We analyzed the data using SPSS for Windows (version 7.0, SPSS, Chicago, Illinois). Descriptive data for continuous variables are presented as means ± SD or as medians with ranges, when appropriate. Discrete variables were analyzed by the chi-square or Fisher exact test. Continuous data were analyzed by the Wilcoxon rank-sum test. Pairwise analysis of continuous variables was performed using the Wilcoxon sign-rank test.
Four hundred sixty-five patients had repaired TOF, of which 55 underwent PVR as adults. Twenty-five patients (14 male and 11 female) had undergone rest and exercise RNA before and after PVR. Routine RNA testing became standard practice at our institution only during the last five years, explaining the relatively small percentage. Seventeen patients (68%) had one or more palliative procedures prior to intracardiac repair, most commonly a Blalock–Taussig shunt (52%). Mean age at TOF repair was 12.1 years (±10.6 years, range 4 to 43 years). A trans-RV approach at the time of repair was used in all patients, and a transannular patch was used in 44% of the patients. Indications for PVR were significant pulmonary regurgitation with either 1) exercise intolerance, 2) progressive RV dilation (identified from serial transthoracic echocardiographic studies), or 3) clinical arrhythmia, with most patients (56%) fulfilling two or three criteria (Table 1). Incidence of clinical arrhythmia was 20% in our patients’ cohort. One patient had concomitant moderate/severe RV outflow tract obstruction (Doppler gradient >50 mm Hg).
Pulmonary valve replacement was performed at a mean age of 33.9 years (±9.2 years, range 19 to 53 years) with a mean time from repair to PVR of 21.8 years (±8.2 years, range 10 to 36 years). Most patients (96%) received a xenograft pulmonary valve, the size ranging from 25 to 33 mm. Additional procedures performed at the time of PVR are listed in Table 1. A total of three atrial and three ventricular cryoablations were performed concomitantly at the time of PVR on five patients with pre-operative arrhythmias.
There was no peri-operative mortality. At the latest follow-up (mean follow-up time of 2.36 years, ±2.24 years) there was no late death.
Follow up clinical status
Functional and echocardiographic data
Functional and echocardiographic data are shown in Table 2. At the latest follow-up (mean of 2.36 years), none of the patients was in functional class III-IV after PVR, compared with 24% before PVR (p < 0.001). Transthoracic echocardiography, performed at a mean of 1.9 years after PVR, showed a reduction in the incidence of moderate-to-severe pulmonary regurgitation as well as tricuspid regurgitation (100% vs. 0%, p < 0.001; 36% vs. 0%, p < 0.001, respectively).
Results of the RNAs are shown in Table 2. Radionuclide angiograms were performed in all patients within a mean of 8.2 months (±8 months) prior to PVR and repeated at a mean of 28.0 months (±22.8 months) after the operation. Right ventricular function at rest ranged from 0.12 to 0.57 (mean 0.35 ± 0.13) before operation. Following PVR, RVEF did not change significantly (range 0.08 to 0.65, mean 0.34 ± 0.11, p = 0.78) (Fig. 1). Change in an individual’s RVEF compared with its own pre-operative value ranged widely, from 1.60 to −0.52, with a mean of 0.09 ± 0.55. Patients with right ventricular outflow tract (RVOT) aneurysm had a mean pre-operative RVEF of 0.38 ± 0.13, compared with a mean pre-operative RVEF of 0.34 ± 0.12 in patients without RVOT aneurysm (p = 0.39). There was a mean change in RVEF of 0.05 ± 0.36 following concomitant RV aneurysm repair compared with a mean change in RVEF of 0.12 ± 0.65 in patients not needing concomitant aneurysmectomy (p = 0.79). Of the 10 patients (4 patients with RVOT aneurysm) with an RVEF ≥0.40 prior to PVR, 5 patients (50%) (3 patients with RVOT aneurysm) maintained an ejection fraction ≥0.40, whereas only 2 out of 15 patients (13%) with pre-operative values <0.40 reached an ejection fraction ≥0.40 postoperatively (p < 0.001).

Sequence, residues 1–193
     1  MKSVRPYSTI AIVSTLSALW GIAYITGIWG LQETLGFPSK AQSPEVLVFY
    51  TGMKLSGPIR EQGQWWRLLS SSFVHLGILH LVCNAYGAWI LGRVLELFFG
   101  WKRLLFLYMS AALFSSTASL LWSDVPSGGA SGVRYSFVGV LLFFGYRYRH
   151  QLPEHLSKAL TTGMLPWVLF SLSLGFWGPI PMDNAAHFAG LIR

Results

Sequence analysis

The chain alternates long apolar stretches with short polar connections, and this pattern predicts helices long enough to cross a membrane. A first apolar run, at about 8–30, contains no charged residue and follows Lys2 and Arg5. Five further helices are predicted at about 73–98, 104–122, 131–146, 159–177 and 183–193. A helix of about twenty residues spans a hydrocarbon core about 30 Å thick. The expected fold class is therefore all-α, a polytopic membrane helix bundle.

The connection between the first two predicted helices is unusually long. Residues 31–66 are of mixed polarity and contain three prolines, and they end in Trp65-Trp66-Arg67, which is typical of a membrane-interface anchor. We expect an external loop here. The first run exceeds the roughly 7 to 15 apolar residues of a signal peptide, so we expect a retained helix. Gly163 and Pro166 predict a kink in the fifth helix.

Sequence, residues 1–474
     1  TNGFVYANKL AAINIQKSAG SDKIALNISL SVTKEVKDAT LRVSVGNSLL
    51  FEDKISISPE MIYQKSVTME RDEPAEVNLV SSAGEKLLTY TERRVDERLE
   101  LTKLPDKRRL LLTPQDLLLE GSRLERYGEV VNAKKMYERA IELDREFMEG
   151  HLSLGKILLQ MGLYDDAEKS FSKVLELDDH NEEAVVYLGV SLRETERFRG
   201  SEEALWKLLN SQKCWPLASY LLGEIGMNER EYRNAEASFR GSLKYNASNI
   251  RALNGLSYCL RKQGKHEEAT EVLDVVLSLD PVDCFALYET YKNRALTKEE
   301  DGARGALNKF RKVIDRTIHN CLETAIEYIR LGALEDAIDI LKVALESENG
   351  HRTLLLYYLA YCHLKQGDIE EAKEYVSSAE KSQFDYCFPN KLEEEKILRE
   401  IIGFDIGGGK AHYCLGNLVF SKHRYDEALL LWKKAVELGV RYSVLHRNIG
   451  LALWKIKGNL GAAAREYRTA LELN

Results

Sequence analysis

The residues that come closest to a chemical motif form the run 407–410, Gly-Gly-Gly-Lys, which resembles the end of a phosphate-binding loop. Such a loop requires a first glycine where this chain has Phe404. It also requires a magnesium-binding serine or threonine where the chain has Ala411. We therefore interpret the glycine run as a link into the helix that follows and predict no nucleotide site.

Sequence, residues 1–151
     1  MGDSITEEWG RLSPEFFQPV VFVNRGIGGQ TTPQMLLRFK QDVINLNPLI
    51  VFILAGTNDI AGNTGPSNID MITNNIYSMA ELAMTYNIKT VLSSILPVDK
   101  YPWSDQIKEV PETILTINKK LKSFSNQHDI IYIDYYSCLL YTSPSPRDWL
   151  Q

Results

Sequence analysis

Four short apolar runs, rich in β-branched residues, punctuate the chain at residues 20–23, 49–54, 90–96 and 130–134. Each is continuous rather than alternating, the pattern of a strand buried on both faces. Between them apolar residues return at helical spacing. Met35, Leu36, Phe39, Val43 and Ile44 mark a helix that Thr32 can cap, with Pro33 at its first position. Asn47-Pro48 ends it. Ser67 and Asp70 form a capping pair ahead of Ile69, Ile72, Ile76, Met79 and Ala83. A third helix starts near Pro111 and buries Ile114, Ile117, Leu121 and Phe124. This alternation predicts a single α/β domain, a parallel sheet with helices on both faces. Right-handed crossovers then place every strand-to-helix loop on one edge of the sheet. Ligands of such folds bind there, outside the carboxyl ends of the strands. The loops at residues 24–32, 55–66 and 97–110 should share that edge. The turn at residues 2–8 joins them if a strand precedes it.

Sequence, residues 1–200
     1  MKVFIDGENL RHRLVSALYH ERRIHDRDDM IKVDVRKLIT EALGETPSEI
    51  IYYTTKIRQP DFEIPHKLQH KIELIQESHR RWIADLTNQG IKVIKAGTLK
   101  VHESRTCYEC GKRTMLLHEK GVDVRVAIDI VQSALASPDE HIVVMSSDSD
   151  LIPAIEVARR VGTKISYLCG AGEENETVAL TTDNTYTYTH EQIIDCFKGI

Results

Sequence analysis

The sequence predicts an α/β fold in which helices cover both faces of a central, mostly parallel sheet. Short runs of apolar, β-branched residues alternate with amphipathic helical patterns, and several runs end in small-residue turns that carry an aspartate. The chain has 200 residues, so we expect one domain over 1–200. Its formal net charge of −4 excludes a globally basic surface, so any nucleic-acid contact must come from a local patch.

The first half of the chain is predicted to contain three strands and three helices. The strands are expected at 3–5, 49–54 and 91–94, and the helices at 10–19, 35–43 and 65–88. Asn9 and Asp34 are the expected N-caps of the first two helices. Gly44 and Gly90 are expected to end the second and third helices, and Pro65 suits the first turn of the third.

Before the operation, RVESV at rest ranged from 42 ml to 449 ml (mean 157.4 ml ± 95.6) and did not change significantly after PVR (range 54 ml to 553 ml, mean 155.4 ml ± 125.9, p = 0.94) (Fig. 2). Similarly, after pulmonary valve implant, RVEDV did not change significantly (mean 227.1 ml ± 119 pre-operatively vs. mean 214.9 ml ± 138 postoperatively, p = 0.74) (Fig. 3).
Time interval between PVR and postoperative RNA had no impact on the results. Patients with improvement in RVEF, RVEDV and RVESV had their test done at a mean of 1.9 years, 2.4 years and 2.3 years after PVR, whereas patients showing deterioration in RVEF, RVEDV and RVESV had their test performed at a mean of 2.6 years, 2.3 years and 2.4 years after PVR (p = 0.36, 0.87 and 0.92, respectively).
Correlation between pre-operative echocardiographic findings and RNA was poor for judging hypokinesis (r = –0.47) as well as for quantifying RV dilation (r = 0.45). Similarly, there was no correlation between symptomatic improvement and amelioration of postoperative RV function (r = 0.1).
Measurement of exercise capacity did not reveal any significant improvement. The mean duration of exercise pre-operatively was 5.5 min ± 1.9 and 5.8 min ± 2.5 postoperatively (p = 0.38). Before PVR, patients achieved a mean maximal external workload (maximal heart rate × maximal systolic blood pressure) of 476 ± 182 compared with 440 ± 166 following PVR (p = 0.58) (Table 2).
Pulmonary valve replacement in our study was performed successfully, with 0% mortality and no recurrence of significant PR at a mean follow up of 2.36 years. Subjective improvement in clinical symptoms was also recorded. Despite these seemingly encouraging results, however, our data demonstrate the lack of significant improvement in RV contractility and dimension following pulmonary valve implant in our adult cohort. Similarly, objective measures of exercise capacity failed to improve after surgery. The proportion of patients having a normal RV contractility postoperatively (ejection fraction ≥0.40) was significantly increased when pre-operative RVEF was ≥0.40 (p < 0.001).